This browser is not fully supported by Historic England. Please update your browser to the latest version so that you get the best from our website.

Prehistoric settlement and Romano-British shrine on Nornour

List Entry Summary

This monument is scheduled under the Ancient Monuments and Archaeological Areas Act 1979 as amended as it appears to the Secretary of State to be of national importance. This entry is a copy, the original is held by the Department for Digital, Culture, Media and Sport.

Name: Prehistoric settlement and Romano-British shrine on Nornour

List entry Number: 1015674


The monument may lie within the boundary of more than one authority.


District: Isles of Scilly

District Type: Unitary Authority

Parish: St. Martin's

National Park: Not applicable to this List entry.

Grade: Not applicable to this List entry.

Date first scheduled: 24-Oct-1972

Date of most recent amendment: 16-Nov-1998

Legacy System Information

The contents of this record have been generated from a legacy data system.

Legacy System: RSM

UID: 15490

Asset Groupings

This list entry does not comprise part of an Asset Grouping. Asset Groupings are not part of the official record but are added later for information.

List entry Description

Summary of Monument

Legacy Record - This information may be included in the List Entry Details.

Reasons for Designation

The Isles of Scilly, the westernmost of the granite masses of south west England, contain a remarkable abundance and variety of archaeological remains from over 4000 years of human activity. The remote physical setting of the islands, over 40km beyond the mainland in the approaches to the English Channel, has lent a distinctive character to those remains, producing many unusual features important for our broader understanding of the social development of early communities. Throughout the human occupation there has been a gradual submergence of the islands' land area, providing a stimulus to change in the environment and its exploitation. This process has produced evidence for responses to such change against an independent time-scale, promoting integrated studies of archaeological, environmental and linguistic aspects of the islands' settlement. The islands' archaeological remains demonstrate clearly the gradually expanding size and range of contacts of their communities. By the post- medieval period (from AD 1540), the islands occupied a nationally strategic location, resulting in an important concentration of defensive works reflecting the development of fortification methods and technology from the mid 16th to the 20th centuries. An important and unusual range of post- medieval monuments also reflects the islands' position as a formidable hazard for the nation's shipping in the western approaches. The exceptional preservation of the archaeological remains on the islands has long been recognised, producing an unusually full and detailed body of documentation, including several recent surveys.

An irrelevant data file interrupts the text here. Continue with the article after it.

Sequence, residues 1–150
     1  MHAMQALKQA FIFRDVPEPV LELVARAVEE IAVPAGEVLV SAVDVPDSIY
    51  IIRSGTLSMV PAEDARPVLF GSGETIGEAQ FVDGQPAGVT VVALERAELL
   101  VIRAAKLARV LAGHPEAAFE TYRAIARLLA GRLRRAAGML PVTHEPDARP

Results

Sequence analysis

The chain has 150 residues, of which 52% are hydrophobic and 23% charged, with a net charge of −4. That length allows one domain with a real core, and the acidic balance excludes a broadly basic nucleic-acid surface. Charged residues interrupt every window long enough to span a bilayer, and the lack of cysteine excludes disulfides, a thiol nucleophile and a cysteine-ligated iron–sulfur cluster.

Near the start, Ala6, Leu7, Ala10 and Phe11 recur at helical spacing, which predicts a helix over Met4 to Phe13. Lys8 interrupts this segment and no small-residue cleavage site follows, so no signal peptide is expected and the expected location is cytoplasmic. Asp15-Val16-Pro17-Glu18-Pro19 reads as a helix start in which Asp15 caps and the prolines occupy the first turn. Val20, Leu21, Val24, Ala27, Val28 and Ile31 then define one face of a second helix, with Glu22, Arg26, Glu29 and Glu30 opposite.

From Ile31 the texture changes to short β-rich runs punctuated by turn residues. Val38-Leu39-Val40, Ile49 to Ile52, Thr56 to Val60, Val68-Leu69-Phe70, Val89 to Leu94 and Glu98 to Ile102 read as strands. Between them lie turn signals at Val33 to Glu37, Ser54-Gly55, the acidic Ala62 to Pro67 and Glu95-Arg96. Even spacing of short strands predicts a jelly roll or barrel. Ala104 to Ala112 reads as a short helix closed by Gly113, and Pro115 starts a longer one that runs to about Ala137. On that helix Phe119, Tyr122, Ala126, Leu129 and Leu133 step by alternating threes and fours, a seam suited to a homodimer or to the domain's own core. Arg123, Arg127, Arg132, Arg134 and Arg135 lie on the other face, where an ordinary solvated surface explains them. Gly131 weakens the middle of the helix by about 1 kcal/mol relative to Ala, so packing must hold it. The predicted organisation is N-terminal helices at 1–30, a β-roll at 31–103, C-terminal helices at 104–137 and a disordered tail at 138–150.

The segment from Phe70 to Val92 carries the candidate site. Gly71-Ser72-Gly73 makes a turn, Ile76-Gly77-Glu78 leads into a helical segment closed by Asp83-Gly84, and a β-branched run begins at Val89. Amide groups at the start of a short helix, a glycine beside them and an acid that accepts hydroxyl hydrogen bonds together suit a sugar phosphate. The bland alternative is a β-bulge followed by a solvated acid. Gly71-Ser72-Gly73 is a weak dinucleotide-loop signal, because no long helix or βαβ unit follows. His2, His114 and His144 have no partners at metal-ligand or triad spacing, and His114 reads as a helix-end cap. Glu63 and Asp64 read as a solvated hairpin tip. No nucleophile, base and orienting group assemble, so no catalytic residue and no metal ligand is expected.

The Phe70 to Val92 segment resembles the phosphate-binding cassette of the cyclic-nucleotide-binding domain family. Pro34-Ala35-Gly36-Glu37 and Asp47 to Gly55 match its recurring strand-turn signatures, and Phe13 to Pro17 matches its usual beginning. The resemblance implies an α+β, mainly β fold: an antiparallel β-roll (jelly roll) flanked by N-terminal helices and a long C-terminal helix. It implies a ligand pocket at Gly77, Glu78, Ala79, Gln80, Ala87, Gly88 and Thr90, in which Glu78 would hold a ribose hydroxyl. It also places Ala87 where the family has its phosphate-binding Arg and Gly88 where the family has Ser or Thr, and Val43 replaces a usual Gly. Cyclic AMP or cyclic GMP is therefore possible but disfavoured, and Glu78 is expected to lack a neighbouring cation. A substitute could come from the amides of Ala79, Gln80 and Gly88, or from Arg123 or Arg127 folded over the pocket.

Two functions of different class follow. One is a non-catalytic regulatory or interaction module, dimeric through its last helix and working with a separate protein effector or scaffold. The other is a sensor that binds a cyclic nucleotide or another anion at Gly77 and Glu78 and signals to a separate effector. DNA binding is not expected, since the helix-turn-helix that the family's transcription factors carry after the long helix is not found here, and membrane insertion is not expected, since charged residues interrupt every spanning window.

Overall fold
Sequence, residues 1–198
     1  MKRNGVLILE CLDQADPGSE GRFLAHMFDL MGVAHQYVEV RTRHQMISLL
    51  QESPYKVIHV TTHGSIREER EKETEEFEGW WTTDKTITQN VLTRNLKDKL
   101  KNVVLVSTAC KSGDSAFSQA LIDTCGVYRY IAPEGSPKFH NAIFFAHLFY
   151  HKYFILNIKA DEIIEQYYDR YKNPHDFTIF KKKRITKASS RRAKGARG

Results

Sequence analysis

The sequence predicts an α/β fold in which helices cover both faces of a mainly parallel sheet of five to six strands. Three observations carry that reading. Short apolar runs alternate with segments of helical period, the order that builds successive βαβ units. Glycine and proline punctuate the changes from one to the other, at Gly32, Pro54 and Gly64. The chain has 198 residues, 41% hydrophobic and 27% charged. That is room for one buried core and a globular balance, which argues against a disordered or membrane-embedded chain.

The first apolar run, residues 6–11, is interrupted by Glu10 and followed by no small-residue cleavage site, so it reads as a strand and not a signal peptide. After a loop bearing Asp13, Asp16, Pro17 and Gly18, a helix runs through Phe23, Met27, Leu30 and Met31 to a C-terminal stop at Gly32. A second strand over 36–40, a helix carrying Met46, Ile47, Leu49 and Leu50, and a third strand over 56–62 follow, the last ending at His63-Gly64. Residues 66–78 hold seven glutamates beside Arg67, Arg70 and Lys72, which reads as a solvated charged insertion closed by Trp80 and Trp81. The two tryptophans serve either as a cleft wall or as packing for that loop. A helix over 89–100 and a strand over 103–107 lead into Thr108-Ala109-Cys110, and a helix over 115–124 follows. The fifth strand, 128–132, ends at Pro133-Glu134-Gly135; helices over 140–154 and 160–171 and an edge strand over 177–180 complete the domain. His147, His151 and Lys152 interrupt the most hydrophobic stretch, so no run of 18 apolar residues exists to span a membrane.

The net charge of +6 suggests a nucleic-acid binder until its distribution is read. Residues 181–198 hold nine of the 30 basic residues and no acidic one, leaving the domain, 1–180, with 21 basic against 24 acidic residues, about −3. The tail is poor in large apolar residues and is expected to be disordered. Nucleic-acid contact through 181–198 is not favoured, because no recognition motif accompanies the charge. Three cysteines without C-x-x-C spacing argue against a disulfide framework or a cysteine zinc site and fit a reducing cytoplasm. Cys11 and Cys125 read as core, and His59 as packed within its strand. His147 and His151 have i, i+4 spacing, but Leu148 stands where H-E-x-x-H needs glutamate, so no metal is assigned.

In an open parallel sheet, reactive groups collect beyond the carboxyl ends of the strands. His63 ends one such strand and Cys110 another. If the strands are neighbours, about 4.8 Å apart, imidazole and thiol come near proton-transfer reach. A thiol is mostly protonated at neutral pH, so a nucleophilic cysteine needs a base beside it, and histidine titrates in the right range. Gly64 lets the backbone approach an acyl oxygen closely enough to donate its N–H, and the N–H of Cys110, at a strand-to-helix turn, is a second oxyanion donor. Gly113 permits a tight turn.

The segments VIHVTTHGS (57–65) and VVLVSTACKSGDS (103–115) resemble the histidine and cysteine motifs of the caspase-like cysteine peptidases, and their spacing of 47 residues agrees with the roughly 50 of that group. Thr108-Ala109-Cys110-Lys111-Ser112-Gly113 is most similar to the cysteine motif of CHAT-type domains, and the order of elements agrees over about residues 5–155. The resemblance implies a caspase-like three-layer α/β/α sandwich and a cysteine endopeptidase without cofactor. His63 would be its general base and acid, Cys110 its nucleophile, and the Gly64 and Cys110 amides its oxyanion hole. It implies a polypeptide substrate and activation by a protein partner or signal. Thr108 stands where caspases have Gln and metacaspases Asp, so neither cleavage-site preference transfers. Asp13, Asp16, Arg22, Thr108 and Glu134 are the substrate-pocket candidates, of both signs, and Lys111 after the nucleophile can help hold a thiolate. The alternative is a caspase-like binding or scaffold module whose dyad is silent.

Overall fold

The prehistoric settlement and Roman religious site on Nornour survives reasonably well. Although there was limited rebuilding to consolidate specific unstable features after excavation, many built structures remain largely intact with unexcavated wall fills and underlying deposits while areas of unexcavated deposits are visible within the settlement complex and its vicinity, including intact midden deposits exposed in the cliff section. Excavation at this settlement has provided one of the fullest pictures of a developing Bronze and Iron Age settlement in south west England, producing rare and detailed evidence for its overall structural layout, facilities and sequence, together with its social organisation, cultural assemblage and economy. The environmental evidence gathered during the excavation both enhances our knowledge of the settlement's former context and remains of major importance in understanding the landscape history of the Isles of Scilly and the gradual submergence of its land mass. The Roman reuse of part of the settlement for religious activity is highly unusual in this remote setting and in a building unmodified from its later prehistoric construction. Besides its unusual setting it is also a rare expression in south west England of religious activity generally associated with more Romanised parts of Britain, contributing further to our knowledge of Romano-British religious practices and the relationship of Isles of Scilly to other parts of Roman Britain. The Roman artefacts from this settlement amplify our knowledge of trade routes and connections affecting Scilly and the south western peninsula; they also include a important collection of brooches whose analysis has considerably furthered our understanding of the technology of Roman enamelling.